The medical staff at Community received well-earned praise for their reaction to contain the spread of the disease.

But Ebola isn’t MERS. If MERS is a worst-case scenario, “Ebola is worse than the worst,” said Patrick Bankston, director of the Indiana University School of Medicine’s Northwest Center for Medical Education.

Unlike the usual precautions to prevent contagious diseases - gowns, masks, gloves, etc. - the Ebola protocol requires even more precautions, including double sets of gloves, haz-mat suits and special spraying. Touch the outside of the protective gear, and this deadly disease can be contracted from the patient’s bodily fluids.

But donning haz-mat gear isn’t the only way to prevent the spread of contagious diseases.

It also includes personal, national and global responsibility.

A century ago, influenza wiped out more people worldwide than the combat in World War I. And yet look at how few people taking the simple precaution of getting a flu vaccination, even when it’s free. Don’t like needles? Then get a couple of squirts of a dead virus up your nostrils to make you immune.

For that matter, look at the number of parents who don’t immunize their children against childhood diseases that could have - should have - been wiped out long ago. Failing to take these precautions can cause an easily preventable disease to spread again.

Service groups like Rotary International, which aims to eliminate polio worldwide, must be commended.

But national resources must be brought to bear as well. The United States has a global responsibility to fight disease around the world. Investing money there means limiting its spread here. The return on that investment should be obvious.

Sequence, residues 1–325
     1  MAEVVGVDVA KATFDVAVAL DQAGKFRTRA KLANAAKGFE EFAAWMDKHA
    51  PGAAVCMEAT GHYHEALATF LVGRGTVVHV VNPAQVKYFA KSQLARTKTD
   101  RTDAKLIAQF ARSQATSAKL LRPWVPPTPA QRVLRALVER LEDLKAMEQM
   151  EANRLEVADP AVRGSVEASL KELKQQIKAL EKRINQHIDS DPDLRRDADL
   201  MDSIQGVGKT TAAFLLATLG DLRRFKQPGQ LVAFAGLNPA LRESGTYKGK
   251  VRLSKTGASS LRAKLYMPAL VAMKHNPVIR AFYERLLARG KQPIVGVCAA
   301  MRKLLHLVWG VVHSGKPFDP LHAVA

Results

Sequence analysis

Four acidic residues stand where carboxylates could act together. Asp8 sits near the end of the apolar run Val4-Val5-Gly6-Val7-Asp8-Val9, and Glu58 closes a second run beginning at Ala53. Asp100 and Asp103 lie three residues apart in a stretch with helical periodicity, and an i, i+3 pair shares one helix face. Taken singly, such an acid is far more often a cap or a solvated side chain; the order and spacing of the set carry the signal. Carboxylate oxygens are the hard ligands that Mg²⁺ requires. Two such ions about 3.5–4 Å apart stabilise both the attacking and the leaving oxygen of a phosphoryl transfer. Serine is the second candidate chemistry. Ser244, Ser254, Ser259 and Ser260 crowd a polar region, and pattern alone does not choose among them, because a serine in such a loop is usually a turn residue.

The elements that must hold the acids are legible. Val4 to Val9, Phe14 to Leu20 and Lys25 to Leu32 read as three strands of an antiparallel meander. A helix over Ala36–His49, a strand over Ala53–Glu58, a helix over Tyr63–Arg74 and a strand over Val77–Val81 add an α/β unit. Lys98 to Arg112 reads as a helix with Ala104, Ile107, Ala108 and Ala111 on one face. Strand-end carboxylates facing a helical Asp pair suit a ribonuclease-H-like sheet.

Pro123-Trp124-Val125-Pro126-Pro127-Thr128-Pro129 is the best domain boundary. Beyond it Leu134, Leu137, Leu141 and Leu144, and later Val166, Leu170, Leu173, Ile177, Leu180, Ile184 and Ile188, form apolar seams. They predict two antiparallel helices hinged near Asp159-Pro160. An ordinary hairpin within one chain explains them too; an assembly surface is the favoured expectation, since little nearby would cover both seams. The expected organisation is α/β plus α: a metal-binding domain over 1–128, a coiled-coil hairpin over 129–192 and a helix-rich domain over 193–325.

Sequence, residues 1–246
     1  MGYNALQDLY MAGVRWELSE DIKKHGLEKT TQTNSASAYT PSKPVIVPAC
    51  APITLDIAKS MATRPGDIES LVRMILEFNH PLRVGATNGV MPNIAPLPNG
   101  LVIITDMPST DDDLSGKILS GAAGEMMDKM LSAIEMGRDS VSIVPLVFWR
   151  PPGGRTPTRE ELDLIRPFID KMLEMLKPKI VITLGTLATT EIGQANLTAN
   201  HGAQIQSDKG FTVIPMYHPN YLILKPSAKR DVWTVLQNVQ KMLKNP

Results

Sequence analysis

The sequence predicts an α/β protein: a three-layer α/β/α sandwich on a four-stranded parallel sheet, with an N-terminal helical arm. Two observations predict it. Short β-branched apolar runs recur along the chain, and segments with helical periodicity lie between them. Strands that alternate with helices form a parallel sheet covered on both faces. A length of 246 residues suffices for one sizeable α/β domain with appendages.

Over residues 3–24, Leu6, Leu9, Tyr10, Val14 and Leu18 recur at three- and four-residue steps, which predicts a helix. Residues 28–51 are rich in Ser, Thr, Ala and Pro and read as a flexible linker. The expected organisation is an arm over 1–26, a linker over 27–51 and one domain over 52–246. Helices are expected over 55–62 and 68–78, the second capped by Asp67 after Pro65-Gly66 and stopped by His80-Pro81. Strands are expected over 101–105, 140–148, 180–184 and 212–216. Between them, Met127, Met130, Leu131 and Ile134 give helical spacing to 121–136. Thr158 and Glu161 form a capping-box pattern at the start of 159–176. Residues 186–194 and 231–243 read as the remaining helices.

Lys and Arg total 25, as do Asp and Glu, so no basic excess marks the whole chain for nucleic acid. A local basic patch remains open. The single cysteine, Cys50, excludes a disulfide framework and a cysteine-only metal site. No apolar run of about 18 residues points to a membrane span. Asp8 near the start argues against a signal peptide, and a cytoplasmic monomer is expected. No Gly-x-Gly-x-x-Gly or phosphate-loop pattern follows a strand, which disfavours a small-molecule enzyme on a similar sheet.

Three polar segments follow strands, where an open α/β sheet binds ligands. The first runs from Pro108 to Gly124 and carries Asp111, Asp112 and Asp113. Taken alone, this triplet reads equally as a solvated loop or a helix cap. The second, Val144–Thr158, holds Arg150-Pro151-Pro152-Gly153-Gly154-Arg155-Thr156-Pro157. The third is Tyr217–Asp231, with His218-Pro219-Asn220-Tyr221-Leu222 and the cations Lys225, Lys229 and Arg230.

The Ebola cases in Dallas should serve as a reminder to all of us of the need to focus on disease prevention and containment.


Daily Journal, Franklin. Oct. 14, 2014.

Foster parents vital to children’s success

In times of need, Johnson County residents have answered the call. The flood of 2008, United Way campaigns and fundraisers in the wake of the Edinburgh dam tragedy are just a few examples.

But another need in the county also exists. It’s one that doesn’t get the attention others do but is equally important: foster parents.

The number of children who are at risk for abuse or neglect and require safe shelter often exceeds the space available in the current list of available foster homes.

The county has many children in non-relative foster care and not nearly enough foster homes licensed through the Department of Child Services. Some foster homes are at capacity, and some won’t or can’t accept children of a certain age.

The problem is growing as the demand for foster care remains steady while some foster homes have to close because of the parents’ increasing ages or changing guidelines.

When space isn’t available to keep children in Johnson County, the Department of Child Services has to consider other options, including placing children in foster homes outside the county.

That’s not preferred because it further disrupts a child’s life.

Children already are removed from homes of biological parents because of physical abuse, malnourishment or lack of medical treatment, for example. Moving them to another county takes them away from their schools and activities.

Placement in foster homes in other counties wouldn’t be needed if there were enough foster homes around here.

Being a foster parent isn’t for everybody because it requires a significant commitment of time. Parents must make time for visitations, team meetings, court hearings, therapy or tutoring. And they must remember that the ultimate goal is for children to be reunified with their parents.

But foster parents can receive a personal reward knowing that they are providing children in need with a safe haven, care and structure at critical points in their lives. The relationships formed with these children can last long after the children have left the home.

If you feel a calling to help children, becoming a foster parent would be a tremendous way to give love and care to some who greatly need it.